QS Meetup #5: What’s new from CES 2016 ?

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For more than one year now, Neotrope gathers the influencers and onlookers of Wearable technologies during a monthly reunion in its headquarters: The Quantified Self Meetups. The fifth edition took place on the 28th of January with a main theme: resume the major innovations presented at Las Vegas’s 2016 CES. Stylists, mathematicians, engineers, students & Wearable experts met during two hours to discuss and exchange about the hottest subjects.

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The program: study the different uses of Wearable technologies in the audience, who uses what? Introduction to the most disruptive innovations presented at the CES, vulgarization of the neuroscientific approach of Quantified Self in the working environment and presentation of 10 years of innovations in smart textiles throughout creators’ initiatives

Survey: Which Wearable for our Self-Quantifiers ?

We asked some questions on the Meetup platform and data shows that 55% of the assembly owns a Wearable (they were 50% during the last QS Meetup) and 80% use it regularly. (62,5% the last time). A limited sample that shows an interesting insight: We know that last year in the UK, 40% of the users gave up their wearables after a few months ( CCS Insight), maybe, most recent technologies can make themselves more transparent.

CES 2016: Adolescent Technologies

Despite the attention brought to virtual reality and self-driving cars this year, many agree to say that the 2016 edition of the show was far from being the most impressive. When you look at the whole picture, years that brought to us the VCR or the cell phone were far more game-changing than 2016.

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We are between two great technological eras: on one side, smartphones and HD TVs reached maturity, on the other side, virtual reality, smart cars and augmented reality are just emerging. We can’t speculate on a real breakthrough entering the market in the months to come, but the manufacturers did present some really interesting new products:

Samsung: Samsung Gear S2 and WELT

The Corean company is spreading: Samsung introduced the compatibility of its watches on iOS. Good news for the Apple fans who want to challenge the Apple Watch

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Another point: the Samsung pay portage on Samsung Gear S2 in 2016. Scheduled for November 2015, Samsung promises that its users will be able to pay with their watch this year.
Mobile payment was a good part of the discussion during the Meetup, it’s obvious questions of securities and privacy must be asked. If mobile payment becomes a thing, who will own the data generated? What use will companies be able to make of it?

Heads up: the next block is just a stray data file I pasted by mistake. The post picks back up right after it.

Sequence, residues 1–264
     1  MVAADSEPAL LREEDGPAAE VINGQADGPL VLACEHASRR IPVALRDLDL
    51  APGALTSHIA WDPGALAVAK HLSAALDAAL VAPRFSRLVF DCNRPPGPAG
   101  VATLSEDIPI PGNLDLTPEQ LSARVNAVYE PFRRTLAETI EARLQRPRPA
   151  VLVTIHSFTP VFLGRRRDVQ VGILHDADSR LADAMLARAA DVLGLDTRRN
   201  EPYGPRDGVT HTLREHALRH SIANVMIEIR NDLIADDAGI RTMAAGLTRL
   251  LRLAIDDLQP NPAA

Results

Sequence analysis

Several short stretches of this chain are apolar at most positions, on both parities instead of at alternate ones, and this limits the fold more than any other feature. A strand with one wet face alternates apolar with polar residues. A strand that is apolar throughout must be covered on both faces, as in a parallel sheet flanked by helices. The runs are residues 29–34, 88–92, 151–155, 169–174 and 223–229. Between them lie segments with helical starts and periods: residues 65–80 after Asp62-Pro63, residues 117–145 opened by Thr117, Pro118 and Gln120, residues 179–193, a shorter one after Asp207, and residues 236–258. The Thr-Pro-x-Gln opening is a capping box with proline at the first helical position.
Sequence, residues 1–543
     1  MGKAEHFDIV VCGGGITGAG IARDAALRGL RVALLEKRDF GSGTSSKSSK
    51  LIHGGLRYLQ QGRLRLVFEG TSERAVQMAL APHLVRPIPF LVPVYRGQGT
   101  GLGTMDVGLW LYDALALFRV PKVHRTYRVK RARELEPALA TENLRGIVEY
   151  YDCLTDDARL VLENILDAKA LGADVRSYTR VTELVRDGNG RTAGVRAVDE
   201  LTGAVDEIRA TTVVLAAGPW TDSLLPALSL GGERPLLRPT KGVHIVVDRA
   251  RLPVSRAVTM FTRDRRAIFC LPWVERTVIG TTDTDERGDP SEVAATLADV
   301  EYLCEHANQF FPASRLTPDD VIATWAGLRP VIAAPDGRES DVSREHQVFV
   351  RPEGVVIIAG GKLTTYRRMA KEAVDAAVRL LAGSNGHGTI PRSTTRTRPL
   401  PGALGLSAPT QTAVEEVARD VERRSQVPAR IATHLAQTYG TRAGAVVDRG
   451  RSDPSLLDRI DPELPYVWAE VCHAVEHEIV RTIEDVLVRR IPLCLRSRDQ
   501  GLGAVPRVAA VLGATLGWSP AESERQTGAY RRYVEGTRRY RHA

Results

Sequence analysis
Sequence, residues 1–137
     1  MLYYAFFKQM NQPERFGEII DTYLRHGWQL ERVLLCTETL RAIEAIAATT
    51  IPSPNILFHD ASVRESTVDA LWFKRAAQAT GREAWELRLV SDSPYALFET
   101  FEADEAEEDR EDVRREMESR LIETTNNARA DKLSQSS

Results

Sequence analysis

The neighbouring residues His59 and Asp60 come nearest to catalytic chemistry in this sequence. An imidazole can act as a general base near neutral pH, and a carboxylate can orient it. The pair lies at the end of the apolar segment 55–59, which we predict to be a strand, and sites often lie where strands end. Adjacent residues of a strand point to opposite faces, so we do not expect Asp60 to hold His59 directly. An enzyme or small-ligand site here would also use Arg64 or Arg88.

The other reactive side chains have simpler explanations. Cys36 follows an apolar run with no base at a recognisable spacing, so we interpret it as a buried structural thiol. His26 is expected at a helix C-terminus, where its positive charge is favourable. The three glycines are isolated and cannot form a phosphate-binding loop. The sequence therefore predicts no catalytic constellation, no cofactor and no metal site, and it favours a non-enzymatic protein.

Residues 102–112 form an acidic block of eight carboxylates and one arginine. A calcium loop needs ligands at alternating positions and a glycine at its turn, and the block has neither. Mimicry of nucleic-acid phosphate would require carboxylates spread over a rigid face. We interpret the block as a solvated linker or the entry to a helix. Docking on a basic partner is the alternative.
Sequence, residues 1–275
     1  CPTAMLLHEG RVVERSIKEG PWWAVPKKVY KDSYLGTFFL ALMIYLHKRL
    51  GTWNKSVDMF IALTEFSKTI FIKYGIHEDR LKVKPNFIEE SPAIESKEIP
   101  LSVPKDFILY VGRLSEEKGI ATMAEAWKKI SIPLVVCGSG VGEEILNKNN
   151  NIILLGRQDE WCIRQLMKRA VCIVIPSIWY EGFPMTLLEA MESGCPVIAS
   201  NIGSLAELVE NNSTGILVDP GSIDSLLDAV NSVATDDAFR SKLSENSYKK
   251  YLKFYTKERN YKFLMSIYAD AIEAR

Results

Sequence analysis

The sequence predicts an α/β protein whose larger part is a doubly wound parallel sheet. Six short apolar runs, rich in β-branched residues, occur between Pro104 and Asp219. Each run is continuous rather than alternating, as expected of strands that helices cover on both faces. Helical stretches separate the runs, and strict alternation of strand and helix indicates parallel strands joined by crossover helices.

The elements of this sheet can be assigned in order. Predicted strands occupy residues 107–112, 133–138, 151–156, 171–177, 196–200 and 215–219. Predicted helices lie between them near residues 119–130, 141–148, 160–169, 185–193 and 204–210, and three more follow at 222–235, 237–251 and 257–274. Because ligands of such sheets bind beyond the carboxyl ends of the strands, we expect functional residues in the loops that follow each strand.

Constantly searching for innovations, Samsung also introduced WELT, a connected belt able to measure lots of things (when they used sits). Opinions collided during the Meetup: a good idea, but the battery may be a problem. We already have to charge our laptops, phones and bands, who wants to add a belt to the list?

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Samsung Gear S2: €349.00
Samsung WELT: nc

Misfit: A step for fashionable with Misfit Ray

Recently bought by Fossil, Misfit leaves no doubt about it’s directions: a more fashionable Wearable technology. Misfit Ray was elected Wearable of The Year by the Verge thanks to its beautiful design. In a feature oriented market, fashion could be the trigger for the mass adoption. Misfit isn’t the only one, Apple also created a more fashion collection with it’s Hermes band for Apple Watch

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Misfit Ray: 99,99$

Withings: Battery first with Withings Go and the E-Ink technology

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The french manufacturer introduced a low budget fitness tracker using E-Ink technology. The sensor is discreet and user friendly with its 8 months battery life.
A question has been asked: why don’t we just use our phones as pedometers? Why would we want wearables for tracking? The reason is: complementarity. A smartphone is actually a microcomputer equipped with more sensors than we ever knew: luminosity, steps, distance etc. It is a cell phone tough, a screen. Wearables are extensions of their users, their main strength being their… variability. A smartphone won’t follow your sleep or your coffee break if you forget it on your desk. It is actually a real working point for wearables: getting forgettable.